My Ramadan food memories from around the world

Iftar and Suhoor make up the magical experience of Ramadan. Vision readers share their childhood memories

Zuwena, Tanzania

I started fasting from the age of six. I remember my cousins and I used to compete on who will fast until sunset. We were told that the one who made it until sunset would get special gifts on Eid El Fitr. Though on Eid, we always get gifts equally and fairly.

I normally like to break my fast with water, dates then fruits, such as watermelon, apple, banana. I also eat some samosa, sausages, or cutlets. These are tasty snacks and quick to prepare. Fruits are my favourite, because they are healthy and light which makes it easier for sunset prayer. Then the main meals would include rice, pasta, macaroni, and chapatti.

Spicy Porridge or Uji Wa Pilipili Manga is one of the typical Iftar dishes at my home. After spending the whole day fasting, we will have some hot drinks before dinner to warm up our stomachs. This porridge has a distinct taste; you can never know how good it tastes until you try it. The mixture of black pepper, sugar and lime creates a peppery sweet and sour taste.

Cassava/Tapioca in Coconut Sauce/Mhogo wa Nazi is the most coastal style dish. I would have this plain or add meat and potatoes to make it richer. It's a fantastic and filling dish that everyone loves.

Bananas and plantains are the king of fruit back home. Ndizi na Nyama is made with plantains and meat steamed in banana leaves, and later combined with an onion-tomato-coconut mixture.

Amr Elshemy, Egypt

One of my favourite things about Ramadan is the ambiance. You can see every one is fasting and eats at the same time, it doesn't matter if you are poor or rich, its a month of generosity.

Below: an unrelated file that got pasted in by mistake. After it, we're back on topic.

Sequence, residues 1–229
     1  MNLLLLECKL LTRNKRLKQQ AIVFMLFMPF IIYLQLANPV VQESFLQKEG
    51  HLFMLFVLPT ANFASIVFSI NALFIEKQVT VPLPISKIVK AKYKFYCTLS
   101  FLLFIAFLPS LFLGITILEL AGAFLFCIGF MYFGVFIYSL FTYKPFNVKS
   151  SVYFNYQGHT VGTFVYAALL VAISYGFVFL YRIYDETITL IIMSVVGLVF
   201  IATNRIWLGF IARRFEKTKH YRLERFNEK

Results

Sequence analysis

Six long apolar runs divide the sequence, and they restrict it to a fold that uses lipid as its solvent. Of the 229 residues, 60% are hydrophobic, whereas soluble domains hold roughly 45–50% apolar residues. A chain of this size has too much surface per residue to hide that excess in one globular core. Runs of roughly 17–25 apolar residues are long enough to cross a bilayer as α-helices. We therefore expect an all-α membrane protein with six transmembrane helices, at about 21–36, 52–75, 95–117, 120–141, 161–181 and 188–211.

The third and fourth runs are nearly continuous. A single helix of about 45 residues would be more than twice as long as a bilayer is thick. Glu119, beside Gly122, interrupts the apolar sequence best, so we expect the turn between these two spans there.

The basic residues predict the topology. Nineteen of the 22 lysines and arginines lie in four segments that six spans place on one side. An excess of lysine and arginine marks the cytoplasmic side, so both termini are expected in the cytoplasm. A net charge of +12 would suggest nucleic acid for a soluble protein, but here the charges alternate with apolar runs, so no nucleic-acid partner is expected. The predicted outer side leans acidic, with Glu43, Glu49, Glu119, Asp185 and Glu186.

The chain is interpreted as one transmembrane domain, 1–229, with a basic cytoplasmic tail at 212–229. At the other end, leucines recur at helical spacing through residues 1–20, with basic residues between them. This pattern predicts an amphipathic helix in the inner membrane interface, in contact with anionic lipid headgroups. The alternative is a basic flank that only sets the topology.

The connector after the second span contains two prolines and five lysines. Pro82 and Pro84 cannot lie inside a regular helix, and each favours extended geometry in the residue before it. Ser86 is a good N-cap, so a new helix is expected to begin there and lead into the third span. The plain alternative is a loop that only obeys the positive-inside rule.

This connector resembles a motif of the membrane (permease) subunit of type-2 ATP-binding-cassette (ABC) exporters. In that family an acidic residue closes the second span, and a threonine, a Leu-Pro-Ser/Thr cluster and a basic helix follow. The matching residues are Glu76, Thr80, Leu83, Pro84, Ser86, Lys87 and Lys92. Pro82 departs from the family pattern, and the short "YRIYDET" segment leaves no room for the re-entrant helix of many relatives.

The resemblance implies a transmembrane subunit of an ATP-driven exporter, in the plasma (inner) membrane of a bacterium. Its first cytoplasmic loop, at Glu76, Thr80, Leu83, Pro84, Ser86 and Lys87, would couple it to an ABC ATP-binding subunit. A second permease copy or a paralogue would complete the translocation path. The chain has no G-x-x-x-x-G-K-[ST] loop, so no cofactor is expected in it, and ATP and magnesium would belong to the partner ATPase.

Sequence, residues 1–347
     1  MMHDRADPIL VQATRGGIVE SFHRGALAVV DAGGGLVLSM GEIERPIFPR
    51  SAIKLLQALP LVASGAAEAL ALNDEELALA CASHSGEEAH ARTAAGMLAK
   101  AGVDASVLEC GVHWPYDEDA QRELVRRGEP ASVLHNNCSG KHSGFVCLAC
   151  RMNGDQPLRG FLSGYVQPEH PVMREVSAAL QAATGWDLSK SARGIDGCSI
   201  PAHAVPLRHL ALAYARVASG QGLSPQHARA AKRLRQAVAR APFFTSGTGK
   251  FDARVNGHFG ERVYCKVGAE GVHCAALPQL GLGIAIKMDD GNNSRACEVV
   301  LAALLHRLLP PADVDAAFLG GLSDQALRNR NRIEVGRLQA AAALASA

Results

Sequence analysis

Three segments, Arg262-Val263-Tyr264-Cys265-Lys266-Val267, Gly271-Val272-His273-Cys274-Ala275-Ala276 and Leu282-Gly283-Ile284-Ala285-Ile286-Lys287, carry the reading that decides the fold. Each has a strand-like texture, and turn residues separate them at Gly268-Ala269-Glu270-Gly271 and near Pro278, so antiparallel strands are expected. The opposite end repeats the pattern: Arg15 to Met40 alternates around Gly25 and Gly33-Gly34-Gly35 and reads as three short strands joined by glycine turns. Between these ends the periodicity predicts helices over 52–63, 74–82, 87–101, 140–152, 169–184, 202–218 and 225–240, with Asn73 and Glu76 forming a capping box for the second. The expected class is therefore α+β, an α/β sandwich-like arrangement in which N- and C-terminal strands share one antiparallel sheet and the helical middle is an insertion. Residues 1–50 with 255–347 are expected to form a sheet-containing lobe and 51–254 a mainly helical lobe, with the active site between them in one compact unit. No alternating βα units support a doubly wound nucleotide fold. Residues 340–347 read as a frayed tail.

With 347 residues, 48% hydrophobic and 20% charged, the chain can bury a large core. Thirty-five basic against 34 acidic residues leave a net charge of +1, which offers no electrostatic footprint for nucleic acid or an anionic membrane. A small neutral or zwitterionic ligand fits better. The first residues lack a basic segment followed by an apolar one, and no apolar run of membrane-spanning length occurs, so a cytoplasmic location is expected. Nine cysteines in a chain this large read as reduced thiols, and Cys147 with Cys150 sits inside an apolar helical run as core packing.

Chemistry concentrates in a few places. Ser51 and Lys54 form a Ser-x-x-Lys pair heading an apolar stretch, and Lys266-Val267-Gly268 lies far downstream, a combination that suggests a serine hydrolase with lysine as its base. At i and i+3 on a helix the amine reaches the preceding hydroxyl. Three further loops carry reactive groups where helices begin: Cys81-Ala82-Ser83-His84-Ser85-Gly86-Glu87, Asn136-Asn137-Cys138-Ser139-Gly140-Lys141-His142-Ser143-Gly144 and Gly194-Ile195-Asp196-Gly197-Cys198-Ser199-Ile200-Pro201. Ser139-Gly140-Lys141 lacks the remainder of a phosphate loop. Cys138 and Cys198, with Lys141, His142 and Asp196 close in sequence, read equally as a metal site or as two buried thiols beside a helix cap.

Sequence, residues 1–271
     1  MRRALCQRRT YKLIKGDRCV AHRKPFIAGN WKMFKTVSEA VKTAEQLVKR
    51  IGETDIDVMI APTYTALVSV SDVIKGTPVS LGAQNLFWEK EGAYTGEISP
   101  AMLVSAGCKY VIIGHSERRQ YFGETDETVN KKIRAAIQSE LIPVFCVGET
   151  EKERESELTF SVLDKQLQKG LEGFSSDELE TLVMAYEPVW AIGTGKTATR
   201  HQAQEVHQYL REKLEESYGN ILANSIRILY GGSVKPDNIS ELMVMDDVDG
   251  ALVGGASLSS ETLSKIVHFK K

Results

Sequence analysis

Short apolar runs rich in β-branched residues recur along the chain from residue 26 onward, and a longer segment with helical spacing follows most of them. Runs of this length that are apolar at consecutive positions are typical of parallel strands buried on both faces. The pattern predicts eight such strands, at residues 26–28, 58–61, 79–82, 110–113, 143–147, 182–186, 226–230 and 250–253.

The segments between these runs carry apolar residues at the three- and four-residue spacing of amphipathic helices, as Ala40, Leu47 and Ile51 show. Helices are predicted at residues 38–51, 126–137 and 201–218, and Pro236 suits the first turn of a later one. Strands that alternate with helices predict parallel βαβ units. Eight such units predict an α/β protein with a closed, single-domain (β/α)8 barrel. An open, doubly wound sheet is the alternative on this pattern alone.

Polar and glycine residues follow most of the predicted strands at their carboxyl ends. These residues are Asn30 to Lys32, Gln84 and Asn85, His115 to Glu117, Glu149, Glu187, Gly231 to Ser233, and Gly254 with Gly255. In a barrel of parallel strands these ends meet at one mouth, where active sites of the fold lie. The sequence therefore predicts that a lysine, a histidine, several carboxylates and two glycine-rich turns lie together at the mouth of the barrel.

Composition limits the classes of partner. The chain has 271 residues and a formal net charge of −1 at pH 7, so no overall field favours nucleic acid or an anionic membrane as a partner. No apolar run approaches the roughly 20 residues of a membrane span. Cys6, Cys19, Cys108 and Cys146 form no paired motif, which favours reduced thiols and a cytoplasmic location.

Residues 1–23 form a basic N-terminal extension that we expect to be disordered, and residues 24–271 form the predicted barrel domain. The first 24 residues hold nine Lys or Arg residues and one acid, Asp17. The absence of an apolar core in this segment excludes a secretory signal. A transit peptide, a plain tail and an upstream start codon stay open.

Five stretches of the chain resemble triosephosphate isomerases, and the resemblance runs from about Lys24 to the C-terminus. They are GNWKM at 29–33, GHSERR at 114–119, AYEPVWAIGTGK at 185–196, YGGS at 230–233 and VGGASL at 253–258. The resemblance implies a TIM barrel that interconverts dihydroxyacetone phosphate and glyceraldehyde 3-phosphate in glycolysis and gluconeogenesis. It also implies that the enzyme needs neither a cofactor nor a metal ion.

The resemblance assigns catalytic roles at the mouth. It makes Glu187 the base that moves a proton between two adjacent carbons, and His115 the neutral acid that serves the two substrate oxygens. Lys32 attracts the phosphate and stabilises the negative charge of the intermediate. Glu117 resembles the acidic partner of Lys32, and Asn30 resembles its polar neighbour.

I’m happy that I rarely had Iftar at home, as my family and I were usually invited to an Iftar or we were hosting one. Now being away from family, old friends and relatives makes me miss these beautiful memories.

The main purpose and wisdom behind fasting is to make people aware of the plight of the underprivileged, which thus evokes a degree of social consciousness. Ideally every Iftar is a celebration, which means different kinds of delicious dishes and drinks.

Kunafa, Katayef, Amar el deen are desserts that I cannot imagine Ramadan without.

Mohammad Tawash, Dubai

When I was young I remember we tried to fast like the old people but we can’t stop eating, so they would help us by allowing us to have a 'half fasting.' I would have my breakfast in the morning and then stop eating until the Iftar time or sometimes they would ask us just stop eating but allow us to drink water.

We cheated sometimes, as we were still young and didn’t understand the real meaning of Ramadan.

For Iftar I eat all traditional food but usually avoid rice. We start with dates and milk then maybe a soup or just go straight to the main meal. They are mostly small portions like mini sandwiches, but with a lot of different types.

There are some kinds of food you can only get during Ramadan. I’m really in love with the Luqimat or Loqmat Al Qadi, which are small dumplings with different toppings like honey.

Dania Al Katmah, Syria

In my hometown, everyone knows each other in the town. When it’s time for Suhoor, you hear the whole street waking up and they will wake up you. Looking out of the window, all the children are running around on the street. My neighbours would also cook and everyone brought food to share. It’s like one family.

In the time of breaking fast, I could see all the children, same as me, coming to the top floor of the mosque listening to the prayer’s reading. The sky is high and clear with the last light of sunset. It was the most beautiful scene in my memory.

After Iftar, parents would go to sleep but kids played out until 1am. There was peace. That was such a beautiful place to be in.

We always made more than enough food for Iftar as someone would always knock on the door. There was a mad man - he was fasting also in Ramadan - who also came to our house and asked my mother for food. So my mother would prepare his share. He refused to come into the house and eat with us, but only eat at our door. It always confused me why he chose our house to ask, maybe my mother made the best food in the town!

My favourite Ramadan food is a dessert called tamriah, a date fruit sweet made with date paste, wheat flour, ghee, oil, sugar, and cardamom seed. Tamriah is sweet enough to satisfy but not so strong that it spoils a great meal.